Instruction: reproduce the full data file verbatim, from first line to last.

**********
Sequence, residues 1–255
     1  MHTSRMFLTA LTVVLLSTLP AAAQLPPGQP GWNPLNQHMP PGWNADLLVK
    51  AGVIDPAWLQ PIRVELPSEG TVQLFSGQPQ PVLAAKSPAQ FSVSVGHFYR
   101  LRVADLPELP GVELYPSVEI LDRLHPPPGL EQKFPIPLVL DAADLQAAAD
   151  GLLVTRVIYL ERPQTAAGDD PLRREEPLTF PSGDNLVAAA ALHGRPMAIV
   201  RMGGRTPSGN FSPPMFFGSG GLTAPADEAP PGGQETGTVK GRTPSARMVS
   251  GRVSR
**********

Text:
Sequence, residues 1–255
     1  MHTSRMFLTA LTVVLLSTLP AAAQLPPGQP GWNPLNQHMP PGWNADLLVK
    51  AGVIDPAWLQ PIRVELPSEG TVQLFSGQPQ PVLAAKSPAQ FSVSVGHFYR
   101  LRVADLPELP GVELYPSVEI LDRLHPPPGL EQKFPIPLVL DAADLQAAAD
   151  GLLVTRVIYL ERPQTAAGDD PLRREEPLTF PSGDNLVAAA ALHGRPMAIV
   201  RMGGRTPSGN FSPPMFFGSG GLTAPADEAP PGGQETGTVK GRTPSARMVS
   251  GRVSR